Ousted’s backup, Paolo Tornaghi, is 25 and apprentice Marco Carducci, who signed his first professional contract earlier this month, is just 17. And while all three Whitecap ‘keepers still have growth ahead of them, Rovde believes, he is particularly high on the Calgary-born Carducci -- and not just because of his youth.

“Paolo could be a starter now,” Rovde said. “He’s better than some of the other MLS goalkeepers. And Marco is different than other North Americans. He’s been in an environment where he’s living and breathing soccer. The game is his life. He has such a great understanding, for someone so young. Marco is taking steps every week. I see him going far.”

His potential is enough to turn the Whitecaps goalkeeping coach all a twitter.

mbeamish@vancouversun.com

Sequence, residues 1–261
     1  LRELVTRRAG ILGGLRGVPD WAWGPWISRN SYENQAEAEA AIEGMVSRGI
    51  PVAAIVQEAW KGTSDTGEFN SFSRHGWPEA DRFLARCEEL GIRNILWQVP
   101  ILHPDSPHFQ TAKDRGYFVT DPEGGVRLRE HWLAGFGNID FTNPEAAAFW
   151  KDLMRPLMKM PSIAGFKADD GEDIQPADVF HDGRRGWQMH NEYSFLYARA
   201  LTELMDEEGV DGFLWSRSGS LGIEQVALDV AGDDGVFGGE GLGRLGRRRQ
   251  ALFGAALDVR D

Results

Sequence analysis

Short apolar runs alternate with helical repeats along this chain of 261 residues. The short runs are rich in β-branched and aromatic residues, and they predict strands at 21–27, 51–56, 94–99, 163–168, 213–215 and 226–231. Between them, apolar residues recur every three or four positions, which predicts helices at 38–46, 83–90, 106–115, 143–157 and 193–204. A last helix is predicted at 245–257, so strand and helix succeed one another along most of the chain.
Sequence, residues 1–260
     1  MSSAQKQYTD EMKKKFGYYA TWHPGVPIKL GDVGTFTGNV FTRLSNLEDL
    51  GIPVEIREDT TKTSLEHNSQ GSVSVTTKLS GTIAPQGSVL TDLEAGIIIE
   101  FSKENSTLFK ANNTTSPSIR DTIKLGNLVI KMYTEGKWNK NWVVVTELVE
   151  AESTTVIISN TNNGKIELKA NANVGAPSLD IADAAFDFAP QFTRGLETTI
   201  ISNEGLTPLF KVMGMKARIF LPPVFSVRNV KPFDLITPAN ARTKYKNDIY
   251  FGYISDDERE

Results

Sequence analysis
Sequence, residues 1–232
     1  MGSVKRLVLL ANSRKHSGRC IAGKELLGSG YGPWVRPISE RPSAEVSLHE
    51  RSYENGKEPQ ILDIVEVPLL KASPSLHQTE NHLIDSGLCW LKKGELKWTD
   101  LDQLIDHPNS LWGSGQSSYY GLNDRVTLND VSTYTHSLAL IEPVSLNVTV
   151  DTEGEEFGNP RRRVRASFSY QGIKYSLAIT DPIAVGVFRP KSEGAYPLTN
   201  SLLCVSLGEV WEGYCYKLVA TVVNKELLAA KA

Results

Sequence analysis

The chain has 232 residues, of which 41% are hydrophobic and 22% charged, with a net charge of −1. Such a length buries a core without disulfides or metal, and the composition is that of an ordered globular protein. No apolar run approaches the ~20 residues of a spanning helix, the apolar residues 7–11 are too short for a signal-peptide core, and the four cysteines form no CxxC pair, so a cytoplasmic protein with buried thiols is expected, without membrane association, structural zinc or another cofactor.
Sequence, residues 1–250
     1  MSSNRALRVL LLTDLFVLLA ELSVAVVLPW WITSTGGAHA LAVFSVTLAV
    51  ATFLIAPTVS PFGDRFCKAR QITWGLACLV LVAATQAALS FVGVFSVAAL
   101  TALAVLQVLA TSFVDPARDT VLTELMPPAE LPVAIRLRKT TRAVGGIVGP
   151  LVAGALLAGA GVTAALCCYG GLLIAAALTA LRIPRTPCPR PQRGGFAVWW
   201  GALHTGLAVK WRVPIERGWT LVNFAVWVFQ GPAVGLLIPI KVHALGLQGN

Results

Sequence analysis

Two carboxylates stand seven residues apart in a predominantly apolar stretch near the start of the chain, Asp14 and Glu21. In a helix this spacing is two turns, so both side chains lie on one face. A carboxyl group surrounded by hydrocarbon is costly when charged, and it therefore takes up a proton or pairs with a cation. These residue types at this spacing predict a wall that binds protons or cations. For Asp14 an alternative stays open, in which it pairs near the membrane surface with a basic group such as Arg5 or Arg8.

Twitter.com/sixbeamers

 
 
 
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Vancouver Whitecaps goalkeeper David Ousted leaps to grab the ball out of the air as New York Red Bulls' Peguy Luyindula tries to get his head on it in MLS action in Vancouver on Saturday March 8, 2014.
 

Vancouver Whitecaps goalkeeper David Ousted leaps to grab the ball out of the air as New York Red Bulls' Peguy Luyindula tries to get his head on it in MLS action in Vancouver on Saturday March 8, 2014.

Photograph by: Darryl Dyck, THE CANADIAN PRESS